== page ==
The principle of deliberation has been at the heart of democratic politics since classical times. In the last twenty years the distinct idea of "deliberative democracy” has had a renaissance in political theory, largely in the wake of the new emphasis on discourse ethics inspired by the German philosopher Jurgen Habermas.22 Deliberation is one important way in which political communities or their elected representatives can make decisions. It is recognized as a form of arguing and reflection that is distinct from other forms of democratic decision-making like bargaining or voting. Bargaining is essentially competitive and compromising, whereas voting is the simple adding up of preferences. In contrast, deliberation is a form of constructive argument that is intended to be transformative, leading to creative and co-generated options that are ethically acceptable to all parties.23 In politics, deliberation typically happens in open spaces like parliaments and formal meetings, while bargaining and deal-making takes place in backrooms, corridors and private lunches.

The main advantages of public deliberation as a democratic process are summarized by Diego Gambetta, Italian social scientist, and James Fearon, Stanford political scientist, in the list below. These advantages also stand as sound reasons for public humanitarian deliberation.

Advantages of Public Deliberation in Political Decision-Making are:

It distributes information and reveals private information of concerned parties

It lessens or overcomes bounded rationality

It spurs the imagination and incentivizes people to create new options

It introduces a demand to justify options and preferences in public It shares risk and instils the courage to try daring options It dilutes self-interested claims and injects principles into public consideration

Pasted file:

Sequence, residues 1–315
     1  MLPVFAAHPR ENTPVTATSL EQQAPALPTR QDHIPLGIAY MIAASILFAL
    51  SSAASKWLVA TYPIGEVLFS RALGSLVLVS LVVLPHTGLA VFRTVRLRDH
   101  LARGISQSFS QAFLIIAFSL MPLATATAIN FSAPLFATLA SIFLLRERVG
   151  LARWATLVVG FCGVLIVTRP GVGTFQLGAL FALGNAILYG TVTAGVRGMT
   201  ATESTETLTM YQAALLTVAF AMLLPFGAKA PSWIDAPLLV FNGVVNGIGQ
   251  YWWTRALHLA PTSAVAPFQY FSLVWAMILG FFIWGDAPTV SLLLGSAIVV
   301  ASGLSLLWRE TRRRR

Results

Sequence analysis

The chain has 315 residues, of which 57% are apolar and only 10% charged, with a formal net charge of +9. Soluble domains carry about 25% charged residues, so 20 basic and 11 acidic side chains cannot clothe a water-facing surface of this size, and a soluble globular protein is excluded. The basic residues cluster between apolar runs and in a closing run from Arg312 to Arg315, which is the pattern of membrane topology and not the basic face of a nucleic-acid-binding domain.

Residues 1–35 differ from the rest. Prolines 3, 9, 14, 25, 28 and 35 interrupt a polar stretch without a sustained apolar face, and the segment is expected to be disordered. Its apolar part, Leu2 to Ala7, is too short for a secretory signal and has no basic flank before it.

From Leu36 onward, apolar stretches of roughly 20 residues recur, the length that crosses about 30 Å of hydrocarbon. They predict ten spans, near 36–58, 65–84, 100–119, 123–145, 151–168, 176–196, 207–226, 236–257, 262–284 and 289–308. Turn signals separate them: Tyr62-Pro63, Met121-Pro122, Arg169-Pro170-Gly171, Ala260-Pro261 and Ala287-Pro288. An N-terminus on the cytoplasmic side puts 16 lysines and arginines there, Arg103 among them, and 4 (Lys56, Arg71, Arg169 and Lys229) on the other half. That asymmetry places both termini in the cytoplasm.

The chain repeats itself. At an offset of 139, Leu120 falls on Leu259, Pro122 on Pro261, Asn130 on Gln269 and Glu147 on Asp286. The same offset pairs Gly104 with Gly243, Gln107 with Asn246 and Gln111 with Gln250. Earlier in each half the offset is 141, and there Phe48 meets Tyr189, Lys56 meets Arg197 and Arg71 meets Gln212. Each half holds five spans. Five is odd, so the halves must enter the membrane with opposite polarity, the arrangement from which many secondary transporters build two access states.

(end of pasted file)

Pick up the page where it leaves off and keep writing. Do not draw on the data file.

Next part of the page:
It can make better and fairer decisions in terms of distributive justice

It can generate wider consensus It produces more legitimate decisions

It improves the ethical and intellectual qualities of the participants It increases public accountability24

But public deliberation has its risks too. As Gambetta points out, there are problems with deliberation.25 First, as we have seen in our burning house scenario, "if the quality of outcomes declines rapidly over time, deliberation may simply waste precious time”. Secondly, political rhetoric and sheer eloquence during deliberations can lead people to be duped, or can promote conformism in any deliberative group. An important variant of this emerges when elite lobbyists push propaganda or false information into a discussion. This can deceive and create what Susan Stokes calls "pseudo deliberation” and "pseudo preferences”.26 Finally, "the subtlety that deliberation may bring to a discussion can have a paralyzing effect”, as we have seen in the tendency towards neutrality in collective discussions of ambiguous situations.27 This is the so-called paralysis of analysis. Michael Walzer marks a wider note of caution about exaggerating the feasibility and significance of deliberation in politics. He points out that reasoned and impartial deliberation (similar to the objective and socially diverse deliberations of a criminal jury) is only a small part of how politics actually functions. Its significance should not be overstated alongside other political activities like campaigning, protest, elite bargaining, manipulation and sheer power play.28